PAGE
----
Native Americans First Native Americans migrated from Asia across the Bering Strait 35,000 years ago. They migrated all over North and South America, forming hundreds of tribes.
Food and Entertainment Native Americans introduce corn, squash, beans, and certain fish to the settlers. Cattle and pigs are brought from Europe. Native Americans played slight-of-hand games, dice games, lacrosse, and hoop-and-spear.
Values Bonds of kinship, or strong ties among family members, ensured a continuation of tribal customs. Elders instructed the young and in return the young honored the elders and their departed ancestors.
Values They believed that land was a source of life not a commodity to be sold. How is this an example of valuing the tribe over self?
More on the Native Americans Some beliefs: • All parts of nature are made up of animals • Everything is sacred, spiritual, and has life • Polytheistic…many gods as seen in myths • Prominent roles for women
Historical Background Christopher Columbus reached North America in 1492 Found the area inhabited by Native American tribes
Once explorers and settlers decided to stay and start building the natives could do nothing although they usually tried to fight back. • Natives had a completely different set of values and traditions: - some wouldn’t fight back until they realized they would lose their land completely - they lived off the land and held it in high regard; earth was the mother - they never used more than they needed and they never wasted anything
The settlers’ flagrant ways and intruding methods of desecrating the land came as a huge blow to the Native Americans. The Europeans also brought disease that natives were never exposed to before, which brought actual physical desecration to their people. Over time (hundreds of years) land was progressively taken away from them and they were not only robbed of their sacred land and the traditions it embodied for them, but they were forced into assimilating into the emerging European-American culture.
Native American Literature • Oral tradition of song and stories. • Focuses on the natural world and the sacred world and the importance of land. • Contains Magical and mystical elements • Types: • Creation/Origin stories: explain where people and things come from, why they exist • Historical narratives: passed down the history of their people and traditions • Trickster tales: used to teach lessons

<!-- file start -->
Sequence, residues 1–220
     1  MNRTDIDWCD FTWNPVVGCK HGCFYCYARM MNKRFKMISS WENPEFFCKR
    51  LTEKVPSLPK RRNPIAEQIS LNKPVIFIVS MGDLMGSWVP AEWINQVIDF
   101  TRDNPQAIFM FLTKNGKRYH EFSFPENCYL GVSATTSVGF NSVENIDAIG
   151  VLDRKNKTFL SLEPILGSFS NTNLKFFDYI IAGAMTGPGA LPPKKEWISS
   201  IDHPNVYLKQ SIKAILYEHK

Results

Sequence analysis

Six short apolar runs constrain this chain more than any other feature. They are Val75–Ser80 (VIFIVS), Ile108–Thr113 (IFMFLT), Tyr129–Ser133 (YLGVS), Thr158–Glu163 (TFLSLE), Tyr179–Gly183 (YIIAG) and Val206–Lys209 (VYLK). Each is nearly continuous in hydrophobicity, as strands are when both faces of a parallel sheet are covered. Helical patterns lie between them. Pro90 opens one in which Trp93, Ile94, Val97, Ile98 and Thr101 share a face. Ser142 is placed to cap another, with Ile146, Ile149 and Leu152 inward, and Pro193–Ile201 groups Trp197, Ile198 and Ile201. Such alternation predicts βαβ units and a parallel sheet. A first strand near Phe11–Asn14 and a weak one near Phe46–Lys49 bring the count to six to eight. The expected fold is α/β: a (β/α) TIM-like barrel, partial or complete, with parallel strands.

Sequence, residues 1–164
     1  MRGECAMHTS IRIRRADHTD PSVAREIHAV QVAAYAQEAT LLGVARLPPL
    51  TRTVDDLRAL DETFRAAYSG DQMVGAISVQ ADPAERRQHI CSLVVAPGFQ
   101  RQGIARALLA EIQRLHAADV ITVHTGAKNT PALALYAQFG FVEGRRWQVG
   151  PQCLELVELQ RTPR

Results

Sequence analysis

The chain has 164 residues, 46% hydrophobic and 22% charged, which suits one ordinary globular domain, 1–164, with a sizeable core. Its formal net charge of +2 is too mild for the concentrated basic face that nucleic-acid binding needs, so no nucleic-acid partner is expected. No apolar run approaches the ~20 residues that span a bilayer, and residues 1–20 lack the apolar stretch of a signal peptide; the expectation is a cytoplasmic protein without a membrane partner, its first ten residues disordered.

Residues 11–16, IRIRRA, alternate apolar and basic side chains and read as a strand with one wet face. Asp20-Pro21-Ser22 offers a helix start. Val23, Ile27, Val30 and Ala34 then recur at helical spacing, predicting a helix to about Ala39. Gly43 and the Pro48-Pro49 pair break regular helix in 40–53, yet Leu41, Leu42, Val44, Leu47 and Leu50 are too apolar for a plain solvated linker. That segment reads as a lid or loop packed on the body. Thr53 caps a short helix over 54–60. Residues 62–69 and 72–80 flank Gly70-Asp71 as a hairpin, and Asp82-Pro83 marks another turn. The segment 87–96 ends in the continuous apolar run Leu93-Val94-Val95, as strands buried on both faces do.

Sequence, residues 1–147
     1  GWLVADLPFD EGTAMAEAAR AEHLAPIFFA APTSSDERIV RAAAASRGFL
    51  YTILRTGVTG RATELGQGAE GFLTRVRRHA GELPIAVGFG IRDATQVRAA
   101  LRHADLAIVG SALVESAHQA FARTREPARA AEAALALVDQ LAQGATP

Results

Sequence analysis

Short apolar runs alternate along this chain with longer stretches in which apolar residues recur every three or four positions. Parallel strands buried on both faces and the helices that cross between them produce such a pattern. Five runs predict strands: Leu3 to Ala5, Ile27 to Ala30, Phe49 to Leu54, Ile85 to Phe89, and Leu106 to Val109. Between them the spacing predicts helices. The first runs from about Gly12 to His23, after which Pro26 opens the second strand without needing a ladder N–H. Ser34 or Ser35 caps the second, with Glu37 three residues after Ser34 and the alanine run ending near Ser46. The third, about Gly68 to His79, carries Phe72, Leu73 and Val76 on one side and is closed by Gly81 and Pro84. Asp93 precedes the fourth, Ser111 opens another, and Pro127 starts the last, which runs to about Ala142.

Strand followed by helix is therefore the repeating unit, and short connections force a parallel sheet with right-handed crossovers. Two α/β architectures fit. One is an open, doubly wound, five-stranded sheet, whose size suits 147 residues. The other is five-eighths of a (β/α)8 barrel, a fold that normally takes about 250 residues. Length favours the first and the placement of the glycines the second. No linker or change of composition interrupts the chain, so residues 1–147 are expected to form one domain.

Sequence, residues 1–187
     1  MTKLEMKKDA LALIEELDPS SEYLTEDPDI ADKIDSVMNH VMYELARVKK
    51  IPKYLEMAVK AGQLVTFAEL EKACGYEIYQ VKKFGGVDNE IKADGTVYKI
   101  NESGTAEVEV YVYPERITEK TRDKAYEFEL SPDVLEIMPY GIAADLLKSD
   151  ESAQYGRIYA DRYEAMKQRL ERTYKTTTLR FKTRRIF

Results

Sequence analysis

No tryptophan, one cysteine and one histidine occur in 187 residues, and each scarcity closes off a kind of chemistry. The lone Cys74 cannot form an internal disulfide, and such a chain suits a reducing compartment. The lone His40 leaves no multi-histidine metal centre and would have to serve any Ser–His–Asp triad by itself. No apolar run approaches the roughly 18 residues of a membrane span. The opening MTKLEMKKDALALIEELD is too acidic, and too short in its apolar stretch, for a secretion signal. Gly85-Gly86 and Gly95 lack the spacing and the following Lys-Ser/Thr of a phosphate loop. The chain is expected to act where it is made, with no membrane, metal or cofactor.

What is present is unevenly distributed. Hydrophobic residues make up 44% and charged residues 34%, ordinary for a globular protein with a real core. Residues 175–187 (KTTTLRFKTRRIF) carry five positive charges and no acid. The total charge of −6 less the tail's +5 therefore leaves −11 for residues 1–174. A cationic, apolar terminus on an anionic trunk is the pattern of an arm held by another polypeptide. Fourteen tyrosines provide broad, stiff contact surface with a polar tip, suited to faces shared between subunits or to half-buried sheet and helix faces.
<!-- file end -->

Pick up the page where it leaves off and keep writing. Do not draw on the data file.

The Native American Oral Tradition • Oral literature – stories passed down from one generation to the next as they were told and retold in the privacy of households and in tribal ceremonies. • Animals play an important role in Native American myths. • Totem – animal or object to which a clan is “connected”; revered by that clan • Trickster – animal characters with 2 sides to their personalities; rebels who often created chaos; curious, clever, creative; may exhibit wisdom (coyote, raven, mink)
Creation Stories Similar to the account in The Bible Similar from tribe to tribe Used to explain how the world/universe was created Explained the origin of man Explain the duty of humanity to maintain a balance with the natural world Sometimes had animal characteristics Sometimes non-gender, or only one gender (usually female—mother earth) Contained what the tribe generally believed the relationships between people and nature Contained origins of tribal customs and structures
Creation occurs primarily in one of five ways: • From chaos or nothingness • From a cosmic egg or primal maternal mound • From world parents who are separated • From the process of earth diving • From several stages of emergence from other worlds, or states of being • In every case, there is a sense of birth—both of the world and humans
Creation Stories Characteristics • Characteristics include: • A Creator, and the medium for creation, such as clay, fluids, and a supernatural power • The trickster, sometimes a negative force, sometimes a cultural hero who dives to the depths of nothingness to find form • The first man and woman whose job it is to continue to create both offspring, and plants and animals • The flood hero who saves mankind from the great waters and begins again
Some Dominant Themes & Motifs: relationships between humans and animals respect and reverence for mother earth and nature land as the strength of the people village/community/tribe as sovereign cyclical patterns: renewal and continuance importance of tribal traditions and history
Literary Terms Allusion: reference to someone or something that is known from history, literature, religion, sports, etc. Myth: traditional stories passed down from generation to generation Alliteration: Repetition of the initial consonant sound Simile: extended metaphor using “like” or “as” Anecdote: short story that teaches a meaning